For patients with annoying spider or small varicose veins, sclerotherapy is by far the most common treatment.  Performed almost exclusively on an outpatient basis at a vein clinic, it offers patients a short recovery time and excellent results for getting rid of these vessels.

Sclerotherapy : A Simple Spider Vein Treatment

Physicians who use this technique are vein doctors, also known as vascular surgeons.  The procedure is very straightforward.  According to Womenshealth.gov, this vein treatment involves using a needle to inject a specially manufactured chemical into a targeted vein.

Vein doctors often order ultrasound studies before the procedure to locate all the blood vessels to be targeted.  Once the physician has injected the sclerosant, the liquid causes swelling in the walls of a vein.  They begin to stick together and eventually seal shut, blocking further blood flow through the vessel.

Healthier veins nearby take over the workload of sending blood to the heart.  The collapsed vein fades and is eventually absorbed by the body.

The National Heart, Lung, and Blood Institute indicates that physicians sometimes use a procedure known as microsclerotherapy to treat spider veins and other very small varicose vessels.  This requires using a very thin needle in order to inject a small amount of sclerosing liquid.

It is sometimes necessary to treat the same vessel multiple times to eliminate it.  A typical treatment schedule includes appointments every four to six weeks.

This technique is primarily used for cosmetic purposes.  However, for some patients, it improves symptoms like burning, aching, night cramps, or swelling, according to the Mayo Clinic.

What to Expect at the Vein Clinic

At an initial consultation, the surgeon will take a medical history, do a physical exam, and confirm that a patient has realistic goals before scheduling the procedure.  During the treatment, a patient lies on his or her back, with legs elevated slightly.  The physician cleanses the targeted area and slowly inserts the sclerosing solution.  Some patients report minor cramping or stinging.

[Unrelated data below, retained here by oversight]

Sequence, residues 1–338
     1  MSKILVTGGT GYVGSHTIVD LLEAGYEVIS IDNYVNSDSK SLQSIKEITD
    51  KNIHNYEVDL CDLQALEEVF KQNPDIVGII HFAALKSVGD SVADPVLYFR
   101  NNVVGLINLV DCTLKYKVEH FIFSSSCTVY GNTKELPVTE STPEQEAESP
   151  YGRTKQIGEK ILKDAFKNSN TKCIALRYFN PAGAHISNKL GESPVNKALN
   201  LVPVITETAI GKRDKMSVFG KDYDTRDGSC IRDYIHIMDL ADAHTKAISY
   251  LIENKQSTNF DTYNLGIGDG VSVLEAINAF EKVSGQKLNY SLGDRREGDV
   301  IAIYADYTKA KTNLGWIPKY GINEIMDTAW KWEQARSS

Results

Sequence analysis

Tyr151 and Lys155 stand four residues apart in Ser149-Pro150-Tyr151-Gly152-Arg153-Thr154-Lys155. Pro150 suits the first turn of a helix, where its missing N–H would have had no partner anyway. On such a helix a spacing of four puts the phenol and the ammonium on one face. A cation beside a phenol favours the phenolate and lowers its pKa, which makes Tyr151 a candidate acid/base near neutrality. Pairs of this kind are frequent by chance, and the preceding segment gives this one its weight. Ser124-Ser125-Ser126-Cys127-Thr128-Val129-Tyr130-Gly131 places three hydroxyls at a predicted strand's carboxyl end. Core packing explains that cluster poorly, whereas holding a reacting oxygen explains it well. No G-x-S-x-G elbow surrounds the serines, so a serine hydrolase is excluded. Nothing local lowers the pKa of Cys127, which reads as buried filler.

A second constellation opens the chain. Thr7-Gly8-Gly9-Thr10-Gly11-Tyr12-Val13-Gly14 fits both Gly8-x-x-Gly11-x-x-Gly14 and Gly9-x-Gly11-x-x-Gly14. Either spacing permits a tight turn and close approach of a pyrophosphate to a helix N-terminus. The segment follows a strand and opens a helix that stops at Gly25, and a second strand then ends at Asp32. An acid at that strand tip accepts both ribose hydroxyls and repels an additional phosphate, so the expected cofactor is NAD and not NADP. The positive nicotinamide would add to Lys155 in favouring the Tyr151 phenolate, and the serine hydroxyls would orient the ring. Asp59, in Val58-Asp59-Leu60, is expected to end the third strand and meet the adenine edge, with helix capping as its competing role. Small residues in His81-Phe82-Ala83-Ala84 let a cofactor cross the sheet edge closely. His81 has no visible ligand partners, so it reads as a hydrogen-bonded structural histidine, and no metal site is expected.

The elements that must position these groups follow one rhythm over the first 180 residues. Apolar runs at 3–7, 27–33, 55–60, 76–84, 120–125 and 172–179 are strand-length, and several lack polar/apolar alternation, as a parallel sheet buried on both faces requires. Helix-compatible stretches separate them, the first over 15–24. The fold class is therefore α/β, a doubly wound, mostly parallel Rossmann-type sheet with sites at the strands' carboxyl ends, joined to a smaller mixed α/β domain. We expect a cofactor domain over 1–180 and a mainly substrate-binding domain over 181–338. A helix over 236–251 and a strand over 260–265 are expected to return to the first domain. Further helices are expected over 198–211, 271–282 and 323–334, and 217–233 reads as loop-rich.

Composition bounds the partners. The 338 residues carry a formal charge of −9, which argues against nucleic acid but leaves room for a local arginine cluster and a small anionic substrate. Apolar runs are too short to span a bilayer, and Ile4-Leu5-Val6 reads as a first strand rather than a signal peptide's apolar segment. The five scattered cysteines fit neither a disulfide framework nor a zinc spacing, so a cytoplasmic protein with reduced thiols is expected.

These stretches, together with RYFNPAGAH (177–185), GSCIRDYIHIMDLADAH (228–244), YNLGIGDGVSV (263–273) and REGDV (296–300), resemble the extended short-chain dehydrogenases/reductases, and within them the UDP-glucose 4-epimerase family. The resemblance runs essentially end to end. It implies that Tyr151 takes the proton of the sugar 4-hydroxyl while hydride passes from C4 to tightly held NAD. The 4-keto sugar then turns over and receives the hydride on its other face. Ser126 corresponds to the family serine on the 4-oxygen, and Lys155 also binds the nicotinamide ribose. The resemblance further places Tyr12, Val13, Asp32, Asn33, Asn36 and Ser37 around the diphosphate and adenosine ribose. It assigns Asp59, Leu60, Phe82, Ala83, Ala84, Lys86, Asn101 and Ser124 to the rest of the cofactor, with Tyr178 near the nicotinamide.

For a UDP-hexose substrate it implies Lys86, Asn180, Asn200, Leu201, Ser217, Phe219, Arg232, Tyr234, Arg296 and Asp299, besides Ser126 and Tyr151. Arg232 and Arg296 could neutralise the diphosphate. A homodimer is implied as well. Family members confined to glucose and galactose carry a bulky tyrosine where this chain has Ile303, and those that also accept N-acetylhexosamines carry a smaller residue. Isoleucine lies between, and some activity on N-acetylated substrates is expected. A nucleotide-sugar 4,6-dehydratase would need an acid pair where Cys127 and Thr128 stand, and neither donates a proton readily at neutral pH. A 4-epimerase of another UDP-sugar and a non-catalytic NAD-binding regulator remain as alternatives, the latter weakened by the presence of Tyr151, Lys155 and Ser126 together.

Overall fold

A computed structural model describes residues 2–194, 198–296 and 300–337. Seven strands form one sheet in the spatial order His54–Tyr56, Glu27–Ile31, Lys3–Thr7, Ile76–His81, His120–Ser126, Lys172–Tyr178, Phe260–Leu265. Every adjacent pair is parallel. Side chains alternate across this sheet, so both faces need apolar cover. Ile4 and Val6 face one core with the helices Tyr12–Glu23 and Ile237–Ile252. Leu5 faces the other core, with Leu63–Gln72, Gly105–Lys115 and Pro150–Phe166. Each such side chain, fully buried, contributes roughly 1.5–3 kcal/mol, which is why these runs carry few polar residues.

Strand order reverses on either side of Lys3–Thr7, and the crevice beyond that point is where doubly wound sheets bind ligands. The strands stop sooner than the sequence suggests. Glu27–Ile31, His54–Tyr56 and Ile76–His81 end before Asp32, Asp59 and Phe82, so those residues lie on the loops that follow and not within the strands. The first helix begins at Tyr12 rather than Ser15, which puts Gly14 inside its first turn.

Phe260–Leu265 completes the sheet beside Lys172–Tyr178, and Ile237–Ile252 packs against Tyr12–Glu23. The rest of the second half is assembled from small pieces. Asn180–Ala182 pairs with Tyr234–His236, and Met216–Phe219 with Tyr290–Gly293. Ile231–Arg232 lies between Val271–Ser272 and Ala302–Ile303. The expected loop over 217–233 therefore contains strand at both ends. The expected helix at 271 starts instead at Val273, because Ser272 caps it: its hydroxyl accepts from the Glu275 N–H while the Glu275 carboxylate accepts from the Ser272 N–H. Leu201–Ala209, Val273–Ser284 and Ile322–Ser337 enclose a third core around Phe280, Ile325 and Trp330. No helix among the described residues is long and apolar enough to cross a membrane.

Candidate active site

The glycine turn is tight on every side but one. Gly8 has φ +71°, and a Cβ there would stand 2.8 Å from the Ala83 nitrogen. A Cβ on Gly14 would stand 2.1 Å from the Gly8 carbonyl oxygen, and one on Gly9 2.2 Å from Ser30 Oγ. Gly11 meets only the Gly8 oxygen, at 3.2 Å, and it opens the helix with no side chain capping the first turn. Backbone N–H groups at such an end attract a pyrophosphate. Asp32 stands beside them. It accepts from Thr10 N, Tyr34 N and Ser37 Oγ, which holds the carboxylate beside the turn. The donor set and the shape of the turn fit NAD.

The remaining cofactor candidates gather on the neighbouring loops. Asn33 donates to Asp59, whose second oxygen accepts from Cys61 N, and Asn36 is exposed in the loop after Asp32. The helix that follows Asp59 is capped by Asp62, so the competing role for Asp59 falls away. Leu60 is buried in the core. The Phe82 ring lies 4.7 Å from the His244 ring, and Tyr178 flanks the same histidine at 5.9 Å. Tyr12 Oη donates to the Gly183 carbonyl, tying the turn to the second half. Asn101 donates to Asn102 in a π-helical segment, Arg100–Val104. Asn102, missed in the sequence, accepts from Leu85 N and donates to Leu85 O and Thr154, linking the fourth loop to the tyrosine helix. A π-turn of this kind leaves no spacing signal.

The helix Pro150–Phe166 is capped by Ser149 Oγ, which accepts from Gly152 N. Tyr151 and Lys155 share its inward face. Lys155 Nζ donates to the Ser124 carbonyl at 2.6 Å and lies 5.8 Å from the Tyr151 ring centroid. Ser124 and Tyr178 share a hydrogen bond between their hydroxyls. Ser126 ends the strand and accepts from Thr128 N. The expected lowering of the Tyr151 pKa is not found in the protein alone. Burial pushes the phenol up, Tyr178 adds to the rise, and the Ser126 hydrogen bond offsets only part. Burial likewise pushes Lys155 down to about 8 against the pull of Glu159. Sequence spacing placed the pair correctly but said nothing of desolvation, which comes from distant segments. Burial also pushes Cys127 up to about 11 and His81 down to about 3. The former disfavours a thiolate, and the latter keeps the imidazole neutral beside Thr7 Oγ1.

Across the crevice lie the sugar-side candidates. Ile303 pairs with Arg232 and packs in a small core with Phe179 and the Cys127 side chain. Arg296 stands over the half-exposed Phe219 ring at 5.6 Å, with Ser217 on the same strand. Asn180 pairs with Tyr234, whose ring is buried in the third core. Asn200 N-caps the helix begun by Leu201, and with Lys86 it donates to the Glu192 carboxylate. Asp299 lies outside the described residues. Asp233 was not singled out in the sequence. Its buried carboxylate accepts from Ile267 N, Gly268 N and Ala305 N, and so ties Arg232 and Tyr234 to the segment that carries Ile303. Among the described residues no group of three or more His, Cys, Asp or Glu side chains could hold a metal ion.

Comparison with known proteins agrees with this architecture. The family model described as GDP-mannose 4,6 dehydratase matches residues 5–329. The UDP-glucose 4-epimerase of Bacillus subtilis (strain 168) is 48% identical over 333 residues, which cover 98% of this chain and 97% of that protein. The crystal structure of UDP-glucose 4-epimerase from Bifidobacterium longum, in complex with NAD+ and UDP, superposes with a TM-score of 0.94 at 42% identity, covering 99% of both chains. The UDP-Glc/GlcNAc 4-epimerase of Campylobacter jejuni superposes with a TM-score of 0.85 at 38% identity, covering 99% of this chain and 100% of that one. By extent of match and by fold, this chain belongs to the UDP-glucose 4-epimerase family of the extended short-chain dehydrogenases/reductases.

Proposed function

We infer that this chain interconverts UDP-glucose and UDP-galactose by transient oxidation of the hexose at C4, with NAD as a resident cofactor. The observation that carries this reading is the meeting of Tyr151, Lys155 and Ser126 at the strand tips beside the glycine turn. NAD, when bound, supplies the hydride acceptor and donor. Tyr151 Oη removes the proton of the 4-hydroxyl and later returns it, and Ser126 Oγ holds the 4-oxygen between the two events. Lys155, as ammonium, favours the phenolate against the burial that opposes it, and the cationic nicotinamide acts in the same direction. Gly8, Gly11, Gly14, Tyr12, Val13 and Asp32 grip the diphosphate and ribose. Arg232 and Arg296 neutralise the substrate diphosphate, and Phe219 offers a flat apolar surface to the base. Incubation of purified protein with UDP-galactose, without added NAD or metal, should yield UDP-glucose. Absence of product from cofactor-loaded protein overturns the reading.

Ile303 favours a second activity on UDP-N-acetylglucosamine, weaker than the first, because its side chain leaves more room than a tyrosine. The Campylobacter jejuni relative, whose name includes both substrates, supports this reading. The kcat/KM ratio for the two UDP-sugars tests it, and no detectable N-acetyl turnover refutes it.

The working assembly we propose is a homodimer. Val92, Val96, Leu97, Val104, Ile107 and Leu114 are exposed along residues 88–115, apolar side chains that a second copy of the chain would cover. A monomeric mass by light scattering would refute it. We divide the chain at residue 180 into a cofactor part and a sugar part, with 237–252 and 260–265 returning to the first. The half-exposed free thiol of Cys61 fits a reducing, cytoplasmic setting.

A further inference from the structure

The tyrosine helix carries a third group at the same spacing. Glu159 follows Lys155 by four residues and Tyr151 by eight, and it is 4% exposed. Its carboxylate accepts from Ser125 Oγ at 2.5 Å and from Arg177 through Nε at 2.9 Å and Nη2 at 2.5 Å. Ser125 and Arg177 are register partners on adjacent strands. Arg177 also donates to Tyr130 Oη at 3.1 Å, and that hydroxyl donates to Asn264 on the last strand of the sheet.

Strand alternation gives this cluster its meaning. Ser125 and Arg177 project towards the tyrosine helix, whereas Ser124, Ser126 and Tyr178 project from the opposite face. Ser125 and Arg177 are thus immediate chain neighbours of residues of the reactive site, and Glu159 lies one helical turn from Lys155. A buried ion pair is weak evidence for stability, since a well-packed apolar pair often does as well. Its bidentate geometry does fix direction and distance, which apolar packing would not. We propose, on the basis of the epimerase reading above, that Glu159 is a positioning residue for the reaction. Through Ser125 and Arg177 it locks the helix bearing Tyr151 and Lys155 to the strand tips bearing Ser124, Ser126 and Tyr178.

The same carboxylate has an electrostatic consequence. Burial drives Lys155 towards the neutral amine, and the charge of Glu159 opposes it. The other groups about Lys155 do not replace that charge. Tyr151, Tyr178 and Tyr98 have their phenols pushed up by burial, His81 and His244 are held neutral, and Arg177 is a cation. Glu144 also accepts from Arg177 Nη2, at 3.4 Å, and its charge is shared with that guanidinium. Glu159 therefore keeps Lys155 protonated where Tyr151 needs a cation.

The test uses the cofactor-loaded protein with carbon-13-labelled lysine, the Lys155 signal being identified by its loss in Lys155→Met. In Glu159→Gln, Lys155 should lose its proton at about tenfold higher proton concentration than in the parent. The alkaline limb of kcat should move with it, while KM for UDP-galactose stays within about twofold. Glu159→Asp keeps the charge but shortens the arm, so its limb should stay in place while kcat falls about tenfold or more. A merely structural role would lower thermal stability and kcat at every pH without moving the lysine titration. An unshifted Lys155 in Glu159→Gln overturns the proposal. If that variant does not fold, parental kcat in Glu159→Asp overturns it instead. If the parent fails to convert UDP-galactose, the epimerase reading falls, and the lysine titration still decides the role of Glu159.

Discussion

After withdrawing the needle, the physician applies compression and massages the area treated to disperse the sclerosant and make sure blood stays out of the treated vein.  After a brief rest, patients can get up and walk.  Wearing compression stockings is necessary for about three weeks.  Otherwise, most individuals are able to resume normal activities on the day of surgery.

Veins treated with a sclerosing agent usually begin to fade in just a few weeks. Definitive results should be visible within three to six weeks for small veins and as long as three to four months for larger vessels.

Depending on the number of veins present, eliminating all the targeted vessels could take several sessions.  However, vascular surgeons stress that this varicose vein treatment will not prevent new veins from forming. The success rate for this procedure is as high as 80 percent.